A Point of Clarification for all the Internet Prophets

xkcd comic #386, Creative Commons

There might be someone, somewhere in the U.S. who’s being persecuted for being a Christian, but it ain’t you or me.

Calling things out on the Internet is not brave unless you live in Iran, North Korea, China, or a similar country where you could face actual consequences for your words beyond other bloggers being mad at you.

Yeah, I know how ironic that statement is, appearing on a blog. But this blog isn’t some great act of courage on my part. It doesn’t make me a ‘virtual martyr’ even if people start flaming me.

If I post what I believe (complete with Bible verses to “back it up,”) and people criticize me, I’m not suffering persecution for our Lord’s sake. I’m just getting flamed online.

If I was blackballed from my profession for being a Christian, like a man in our church was when he lived in the Soviet Union (back when it still was the Soviet Union), that would be persecution.

If the army seized our church building and used it as a stable and a brothel (for maximum desecration – sexual immorality + human trafficking!) that would be persecution.

That happened to a church I volunteered at once in Lithuania. They got the building back after Lithuania declared its independence from the USSR. It took them a while to clean the place out, but they did. The same congregation had been worshiping in secret for decades. That’s persecution, and that’s standing firm for Christ.

But getting flamed? Not persecution. Posting ideas on the Internet? Not enduring hardship for Christ. Comment-bombing Rachel Held Evans’ blog with the same comment over and over … that’s just obnoxious.

Long story short, until God calls you to lie on one side for 390 dayss and use nothing but dung for your cooking fire, stop bellyaching. You aren’t Ezekiel, and neither am I.

3 comments on “A Point of Clarification for all the Internet Prophets

  1. Katy says:

    That cartoon made me LOL, too funny 🙂
    The church in the West seems to be currently doing a terrific job of tearing down their own churches, they don’t even need the government’s assistance. Paul would weep, I’m sure. !

    • Tim Dedeaux says:

      I know. It’s sad, isn’t it? Paul would weep.
      I don’t know exactly what the problem is.
      I wonder (at least in evangelical circles) if part of the problem is that we don’t take the “priesthood of the believer” seriously enough. If we don’t realize the responsibility of being priests of God.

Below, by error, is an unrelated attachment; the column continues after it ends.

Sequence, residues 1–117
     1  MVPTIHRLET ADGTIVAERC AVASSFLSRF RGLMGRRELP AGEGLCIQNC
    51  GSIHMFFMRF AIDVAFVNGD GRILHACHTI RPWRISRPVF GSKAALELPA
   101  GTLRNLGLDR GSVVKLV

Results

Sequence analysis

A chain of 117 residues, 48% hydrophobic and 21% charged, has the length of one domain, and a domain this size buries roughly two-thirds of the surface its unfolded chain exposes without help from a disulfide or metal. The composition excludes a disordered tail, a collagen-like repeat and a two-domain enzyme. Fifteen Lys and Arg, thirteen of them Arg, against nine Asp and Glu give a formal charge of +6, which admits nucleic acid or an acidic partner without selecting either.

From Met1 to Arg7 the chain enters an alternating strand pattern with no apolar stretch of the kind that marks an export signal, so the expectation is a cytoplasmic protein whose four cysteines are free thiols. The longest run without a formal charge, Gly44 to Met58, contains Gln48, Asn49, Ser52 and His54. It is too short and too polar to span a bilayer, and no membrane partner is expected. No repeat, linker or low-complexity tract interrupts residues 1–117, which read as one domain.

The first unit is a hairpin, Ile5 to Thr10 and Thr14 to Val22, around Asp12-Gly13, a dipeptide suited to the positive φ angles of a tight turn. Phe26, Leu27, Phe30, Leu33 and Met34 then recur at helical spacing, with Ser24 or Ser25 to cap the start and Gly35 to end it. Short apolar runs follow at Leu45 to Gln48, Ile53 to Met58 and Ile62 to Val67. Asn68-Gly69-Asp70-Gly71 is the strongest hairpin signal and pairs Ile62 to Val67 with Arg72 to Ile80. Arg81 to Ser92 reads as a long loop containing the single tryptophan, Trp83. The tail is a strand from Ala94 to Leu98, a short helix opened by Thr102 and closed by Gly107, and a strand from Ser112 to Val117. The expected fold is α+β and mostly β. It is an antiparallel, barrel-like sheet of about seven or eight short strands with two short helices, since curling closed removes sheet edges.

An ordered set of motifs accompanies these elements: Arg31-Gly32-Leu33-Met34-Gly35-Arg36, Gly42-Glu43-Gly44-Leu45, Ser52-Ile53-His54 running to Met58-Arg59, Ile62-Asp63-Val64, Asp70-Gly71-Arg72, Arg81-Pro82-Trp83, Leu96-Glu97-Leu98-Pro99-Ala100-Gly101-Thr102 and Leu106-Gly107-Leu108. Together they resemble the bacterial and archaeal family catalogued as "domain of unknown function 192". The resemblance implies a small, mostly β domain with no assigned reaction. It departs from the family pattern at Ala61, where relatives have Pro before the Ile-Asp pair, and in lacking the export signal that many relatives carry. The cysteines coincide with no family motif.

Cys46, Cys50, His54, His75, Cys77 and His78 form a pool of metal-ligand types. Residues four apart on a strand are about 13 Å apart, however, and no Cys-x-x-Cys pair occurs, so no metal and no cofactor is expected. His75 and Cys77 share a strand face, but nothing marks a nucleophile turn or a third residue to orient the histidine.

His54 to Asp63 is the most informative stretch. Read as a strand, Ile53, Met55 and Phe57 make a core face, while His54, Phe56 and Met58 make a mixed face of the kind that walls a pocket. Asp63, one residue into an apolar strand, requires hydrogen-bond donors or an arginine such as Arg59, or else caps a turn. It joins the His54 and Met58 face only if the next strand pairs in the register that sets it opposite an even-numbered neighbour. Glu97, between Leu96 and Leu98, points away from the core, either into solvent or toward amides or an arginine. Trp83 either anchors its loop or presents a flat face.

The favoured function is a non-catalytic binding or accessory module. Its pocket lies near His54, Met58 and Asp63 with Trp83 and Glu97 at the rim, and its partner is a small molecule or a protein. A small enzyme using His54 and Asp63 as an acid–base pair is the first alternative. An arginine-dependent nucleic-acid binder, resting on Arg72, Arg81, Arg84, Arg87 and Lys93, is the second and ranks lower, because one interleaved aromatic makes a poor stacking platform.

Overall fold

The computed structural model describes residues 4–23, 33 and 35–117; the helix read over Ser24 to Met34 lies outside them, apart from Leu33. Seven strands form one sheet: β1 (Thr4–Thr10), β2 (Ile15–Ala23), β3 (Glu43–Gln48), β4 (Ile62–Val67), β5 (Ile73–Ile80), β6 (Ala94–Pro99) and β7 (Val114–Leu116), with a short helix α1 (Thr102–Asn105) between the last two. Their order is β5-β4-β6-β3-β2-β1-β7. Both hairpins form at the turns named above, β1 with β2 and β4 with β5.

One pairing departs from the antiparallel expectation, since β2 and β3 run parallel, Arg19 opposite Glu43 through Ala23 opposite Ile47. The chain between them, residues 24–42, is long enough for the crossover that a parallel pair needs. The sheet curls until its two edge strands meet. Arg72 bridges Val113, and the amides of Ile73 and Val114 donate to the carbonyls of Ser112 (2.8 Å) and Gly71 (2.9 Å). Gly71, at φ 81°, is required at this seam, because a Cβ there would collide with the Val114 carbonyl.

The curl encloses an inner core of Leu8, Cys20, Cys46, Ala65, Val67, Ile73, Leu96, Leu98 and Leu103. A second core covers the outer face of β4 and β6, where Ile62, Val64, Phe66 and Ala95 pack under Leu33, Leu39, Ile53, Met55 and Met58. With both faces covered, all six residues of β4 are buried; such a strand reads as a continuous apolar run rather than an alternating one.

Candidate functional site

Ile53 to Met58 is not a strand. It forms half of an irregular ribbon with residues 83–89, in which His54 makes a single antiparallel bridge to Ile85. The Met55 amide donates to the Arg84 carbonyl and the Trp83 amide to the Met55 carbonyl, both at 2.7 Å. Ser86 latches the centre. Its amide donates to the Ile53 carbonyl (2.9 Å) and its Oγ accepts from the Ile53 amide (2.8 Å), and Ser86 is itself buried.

I’m talking off-the-cuff here, but maybe we’ve gotten so used to letting professionals handle things that we’re letting professional clergy “handle” too much of our spiritual lives.

      I know I’ve been guilty of slacking off in prayer and Bible study during the week, knowing I can get a tune-up on Sundays and Wednesdays.

      Worse still, I’ve settled for shallow devotionals and surface readings of scripture. If our study doesn’t challenge us, if it’s not costly in some way (if only of energy and thought), then is it really worthy of the term “priesthood of the believer?”

      I don’t know. If I had the answer, I’d be a prophet. 🙂

  2. Paul Mayhan says:

    After 11 years in the industry I think I can shed some light on why American evangelical Christians are so disinterested in impacting the world with their faith. Going back to WWII, the church started to see itself as a place where professional staff provided services that the common man paid for. The roots of that go back to the WWI when clergy became speakers of comfort and encouragement instead of challengers to contribute during such a difficult time, which of course lasted through the depression also. So by the ’40’s, a whole generation had grown up thinking that the church was primarily there to offer kindness to them. The members were the meek, the poor, the grieving who needed the love of Jesus to lift them up, not the lost. Then as we get into the ’50’s and the economic boom the services provided by the church turn into more entertainment, free child care, non-threatening Bible teaching, social events, and providing youth ministers to straighten out your heathen kids. So the evangelical’s spiritual life has mostly been about taking from the church, not giving anything. If we’re lucky the takers help pay the bills, but today most don’t. What I see forming now though is a reformation of sorts in the church planters working all over the country where the churches are all about mission and will actually turn new members down who just want to consume. So perhaps better times are ahead.

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